Funding of the arts and heritage

Written evidence submitted by Renaissance Yorkshire Museums Hub (arts 204)

1. INTRODUCTION

1.1. This response is submitted by Museums Sheffield on behalf of the Renaissance Yorkshire Museums Hub. The Hub comprises Bradford Museums and Galleries, Leeds Museums and Galleries, Hull Museums, York Museums Trust and Museums Sheffield (Lead Partner).

2. SUMMARY OF KEY POINTS

2.1. Public investment into regional museums in recent years is paying off. Museums and galleries are increasingly seen as attractive, vibrant places to visit. Visits to Yorkshire Hub museums have increased by 75% since 2002. But the high quality experience that people are enjoying in unprecedented numbers as a result of this investment emanates from the efforts of whole organisations. Collections care and knowledge underpins exhibitions and displays; learning and community programmes inform, and are informed by, collections knowledge. All activity is linked and it would be a fallacy to believe that savings can be made without having an impact on front line services.

2.2. Public sector cuts will have a profound effect on regional museums and will emanate from numerous directions. The biggest impact will be cuts imposed through parent bodies such as local authorities, followed by cuts to the Renaissance programme.

2.3. Detrimental effects in relation to jobs, collections care, exhibitions, school and lifelong learning programmes, community and outreach activity and support for other regional museums are unavoidable.

2.4. Evidence shows that museums contribute to increased educational attainment, stronger communities and community cohesion. They work with people who are least likely to see themselves as part of the Big Society.

2.5. Museums are an important but underestimated part of the visitor offer, with the financial benefits accruing to the region’s economy not the museums themselves.

2.6. Cutbacks in service will make it more difficult for museums to generate their own commercial income, further impacting on their sustainability.

2.7. The planning and consideration of culture at a national level should be considered by a single body rather than a government department and numerous arms length bodies.

2.8. The delivery mechanism and funding for the Renaissance programme should be given urgent attention to avoid unnecessary redundancy processes and stalling of activity

3. THE IMPACT THAT RECENT AND FUTURE SPENDING CUTS WILL HAVE ON THE ARTS AND HERITAGE

The extent and scope of the impact

3.1. The museum sector, along with all other public services, is preparing itself for cuts to its funding. For many regional museums the biggest impact will come through cuts to local authority core funding; cuts between 30% and 40% are currently being modelled. As a non-statutory service museums have always had to argue their case against big players such as schools and social services. Many now expect that they, along with other culture and heritage services, will be an easy target for cutbacks at the highest end of the scale.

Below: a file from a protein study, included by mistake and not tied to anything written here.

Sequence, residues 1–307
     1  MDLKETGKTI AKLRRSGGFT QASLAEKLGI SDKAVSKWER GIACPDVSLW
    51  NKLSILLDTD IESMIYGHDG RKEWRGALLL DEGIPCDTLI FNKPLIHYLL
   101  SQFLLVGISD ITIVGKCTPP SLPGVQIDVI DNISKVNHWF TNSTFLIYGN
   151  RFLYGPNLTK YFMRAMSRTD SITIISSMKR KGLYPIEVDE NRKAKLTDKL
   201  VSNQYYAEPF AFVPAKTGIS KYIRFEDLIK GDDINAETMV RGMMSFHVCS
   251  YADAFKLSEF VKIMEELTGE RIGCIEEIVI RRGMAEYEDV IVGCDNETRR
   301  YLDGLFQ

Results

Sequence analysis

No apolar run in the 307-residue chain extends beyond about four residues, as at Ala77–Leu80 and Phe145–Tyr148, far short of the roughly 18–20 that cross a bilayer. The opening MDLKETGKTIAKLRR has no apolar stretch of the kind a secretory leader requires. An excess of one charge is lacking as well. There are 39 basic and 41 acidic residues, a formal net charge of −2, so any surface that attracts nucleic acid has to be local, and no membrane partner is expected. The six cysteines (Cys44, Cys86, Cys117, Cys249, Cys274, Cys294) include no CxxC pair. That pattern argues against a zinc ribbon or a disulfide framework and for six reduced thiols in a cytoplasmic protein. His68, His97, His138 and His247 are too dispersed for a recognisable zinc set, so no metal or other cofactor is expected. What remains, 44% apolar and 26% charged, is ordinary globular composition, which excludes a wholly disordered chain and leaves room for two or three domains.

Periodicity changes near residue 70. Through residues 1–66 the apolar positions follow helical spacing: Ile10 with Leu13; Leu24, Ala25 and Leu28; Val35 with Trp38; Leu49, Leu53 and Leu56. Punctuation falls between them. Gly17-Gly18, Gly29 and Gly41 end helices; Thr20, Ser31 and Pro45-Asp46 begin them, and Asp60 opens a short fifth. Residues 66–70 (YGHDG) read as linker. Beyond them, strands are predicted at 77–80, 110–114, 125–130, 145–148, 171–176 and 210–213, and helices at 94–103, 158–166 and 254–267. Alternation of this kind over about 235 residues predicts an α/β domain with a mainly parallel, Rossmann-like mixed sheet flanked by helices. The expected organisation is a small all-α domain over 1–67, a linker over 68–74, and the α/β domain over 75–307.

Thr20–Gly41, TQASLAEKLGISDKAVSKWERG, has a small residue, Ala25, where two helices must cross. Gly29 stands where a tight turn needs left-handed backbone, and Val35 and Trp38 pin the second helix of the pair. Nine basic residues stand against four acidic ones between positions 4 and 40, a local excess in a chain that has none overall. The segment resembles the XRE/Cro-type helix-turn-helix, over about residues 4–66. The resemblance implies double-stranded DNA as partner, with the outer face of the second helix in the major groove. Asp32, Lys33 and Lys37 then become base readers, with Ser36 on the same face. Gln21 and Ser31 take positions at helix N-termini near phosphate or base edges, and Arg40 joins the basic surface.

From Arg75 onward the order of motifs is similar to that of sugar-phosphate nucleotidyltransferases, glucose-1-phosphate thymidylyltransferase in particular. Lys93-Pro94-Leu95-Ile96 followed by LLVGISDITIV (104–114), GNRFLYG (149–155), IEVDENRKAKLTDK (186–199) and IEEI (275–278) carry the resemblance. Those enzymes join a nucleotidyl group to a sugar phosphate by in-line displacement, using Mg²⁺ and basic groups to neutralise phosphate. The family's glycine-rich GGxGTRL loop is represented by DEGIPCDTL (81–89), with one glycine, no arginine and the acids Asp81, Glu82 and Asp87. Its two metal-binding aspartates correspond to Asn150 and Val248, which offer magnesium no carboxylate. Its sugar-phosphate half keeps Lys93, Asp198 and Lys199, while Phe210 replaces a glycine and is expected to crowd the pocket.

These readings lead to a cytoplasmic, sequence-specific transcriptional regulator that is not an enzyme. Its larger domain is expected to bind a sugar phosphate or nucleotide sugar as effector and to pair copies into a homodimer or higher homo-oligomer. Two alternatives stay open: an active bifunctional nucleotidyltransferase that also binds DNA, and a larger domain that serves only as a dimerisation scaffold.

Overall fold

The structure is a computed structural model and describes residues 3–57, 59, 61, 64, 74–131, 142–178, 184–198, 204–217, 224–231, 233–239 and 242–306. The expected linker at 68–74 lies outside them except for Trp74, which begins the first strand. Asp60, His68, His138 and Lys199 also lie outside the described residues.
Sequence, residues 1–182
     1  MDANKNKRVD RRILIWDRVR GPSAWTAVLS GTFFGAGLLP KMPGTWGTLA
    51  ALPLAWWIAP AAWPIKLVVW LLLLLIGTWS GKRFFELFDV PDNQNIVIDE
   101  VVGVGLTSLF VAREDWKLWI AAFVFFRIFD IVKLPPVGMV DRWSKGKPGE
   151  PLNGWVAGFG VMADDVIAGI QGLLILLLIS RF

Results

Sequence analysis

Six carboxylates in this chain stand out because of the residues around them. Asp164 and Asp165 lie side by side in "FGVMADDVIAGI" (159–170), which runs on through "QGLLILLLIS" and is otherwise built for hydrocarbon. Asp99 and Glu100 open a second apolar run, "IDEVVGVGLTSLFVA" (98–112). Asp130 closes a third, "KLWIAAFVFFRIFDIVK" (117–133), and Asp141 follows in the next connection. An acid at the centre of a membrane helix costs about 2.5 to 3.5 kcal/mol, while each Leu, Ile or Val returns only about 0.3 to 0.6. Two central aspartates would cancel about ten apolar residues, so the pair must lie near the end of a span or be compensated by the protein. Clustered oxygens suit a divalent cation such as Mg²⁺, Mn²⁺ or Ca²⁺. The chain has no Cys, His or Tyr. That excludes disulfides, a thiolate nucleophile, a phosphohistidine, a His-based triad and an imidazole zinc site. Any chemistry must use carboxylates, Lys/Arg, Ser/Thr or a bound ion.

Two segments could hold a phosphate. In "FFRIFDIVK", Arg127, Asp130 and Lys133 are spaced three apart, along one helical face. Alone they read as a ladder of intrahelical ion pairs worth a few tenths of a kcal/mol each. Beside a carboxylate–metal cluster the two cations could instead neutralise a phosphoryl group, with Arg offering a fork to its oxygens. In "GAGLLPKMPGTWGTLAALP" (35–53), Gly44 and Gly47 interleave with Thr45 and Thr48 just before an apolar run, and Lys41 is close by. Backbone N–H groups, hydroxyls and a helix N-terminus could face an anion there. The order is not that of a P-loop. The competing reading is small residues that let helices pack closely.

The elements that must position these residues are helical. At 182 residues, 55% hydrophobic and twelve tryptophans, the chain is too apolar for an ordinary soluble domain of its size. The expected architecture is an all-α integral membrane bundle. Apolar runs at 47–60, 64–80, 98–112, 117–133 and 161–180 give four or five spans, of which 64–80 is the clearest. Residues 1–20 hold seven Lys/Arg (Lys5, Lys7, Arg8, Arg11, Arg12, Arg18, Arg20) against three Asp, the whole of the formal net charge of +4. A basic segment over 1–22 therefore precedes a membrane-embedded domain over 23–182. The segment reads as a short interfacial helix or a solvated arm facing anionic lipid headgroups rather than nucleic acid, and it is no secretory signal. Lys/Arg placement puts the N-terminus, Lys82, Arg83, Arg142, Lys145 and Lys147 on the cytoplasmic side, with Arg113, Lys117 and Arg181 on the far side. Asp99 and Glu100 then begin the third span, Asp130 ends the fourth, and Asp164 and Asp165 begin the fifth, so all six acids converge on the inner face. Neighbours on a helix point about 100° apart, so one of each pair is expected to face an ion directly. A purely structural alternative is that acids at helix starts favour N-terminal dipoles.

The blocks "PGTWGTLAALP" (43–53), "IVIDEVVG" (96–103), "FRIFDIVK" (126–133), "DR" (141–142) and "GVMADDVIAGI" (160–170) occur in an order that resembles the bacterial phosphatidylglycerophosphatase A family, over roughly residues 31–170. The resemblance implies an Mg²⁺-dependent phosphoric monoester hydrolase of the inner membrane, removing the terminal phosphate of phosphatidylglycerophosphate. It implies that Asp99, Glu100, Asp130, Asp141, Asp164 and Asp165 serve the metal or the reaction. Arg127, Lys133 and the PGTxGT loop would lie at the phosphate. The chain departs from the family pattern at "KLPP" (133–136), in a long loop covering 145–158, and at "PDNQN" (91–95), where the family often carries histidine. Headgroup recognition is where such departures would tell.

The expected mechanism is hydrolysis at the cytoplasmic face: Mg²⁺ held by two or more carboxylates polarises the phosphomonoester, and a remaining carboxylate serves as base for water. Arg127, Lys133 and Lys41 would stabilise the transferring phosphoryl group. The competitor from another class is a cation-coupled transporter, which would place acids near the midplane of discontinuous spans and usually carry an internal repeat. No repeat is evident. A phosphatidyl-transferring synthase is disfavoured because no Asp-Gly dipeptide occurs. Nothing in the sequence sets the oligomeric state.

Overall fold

3.2. Since 2004 the Renaissance programme has also brought central government money into regional museums for the first time to build capacity and enable them to extend their reach to more people. This has led to vastly improved visitor experiences resulting from investment in education services, community engagement and better collections care. In Yorkshire, Hub museums currently receive on average 17% of their funding from Renaissance, over half of which is spent on people. Add this to the anticipated reductions in core funding and many Hub museums will be facing reductions in their operational budgets in the region of 50%.

3.3. In addition, museums understand the advantages of plural funding streams and have been working hard to diversify their income base. Unfortunately, many of these alternatives also emanate from the public sector. This means that museums will not only suffer cuts to their main income streams, but also numerous other cuts which will compound the problem. Some of the following have been confirmed; others remain the subject of speculation:

· Loss of Arts Council England (ACE) funding, e.g. reduction in numbers of regularly funded organisations (RFOs)

· Decline in partnership activity with National Museums

· Investment from regional development agencies which are to close, e.g. Yorkshire Forward

· Reductions in funding from government departments other than DCMS, for example Department for Education (Strategic Commissioning), Ministry of Defence (military museums), Department of Health (partnerships with Primary Care Trusts)

· Decline in other commissioning programmes as organisations operate increasingly in-house to retain their own core staff

· Some local authorities are reviewing rate reductions for charities and rents for museum premises

· Financial insecurity in schools means that they are booking later, making it harder for museums to respond to their needs. Schools are also looking increasingly to parents to finance visits which will further disadvantage children from deprived areas.

· Reduction in commercial business, sponsorship and other partnership funding from private sector companies that rely themselves on public sector business

3.4. Even where funding streams are available, for example National Lottery, many museums will find lack of capacity and match funding to be an obstacle in accessing them.

The effect on museums

3.5. It is anticipated that museums which are directly or indirectly (e.g. through Trusts) delivering services on behalf of local authorities will undergo extensive restructuring and downsizing. The current signs are that they will be under political pressure to keep all sites open rather than being allowed to take a more strategic response to reviewing their cost base. Therefore, in order to make the required savings there will be a disproportionate loss of people, particularly in collections, learning and curatorial teams, as they try to protect sites and opening hours. Therefore a 20% reduction in people overall could translate into a 75% cut within specialist teams. Additionally this loss of expertise will make recovery harder once the funding position improves and will undermine long term sustainability.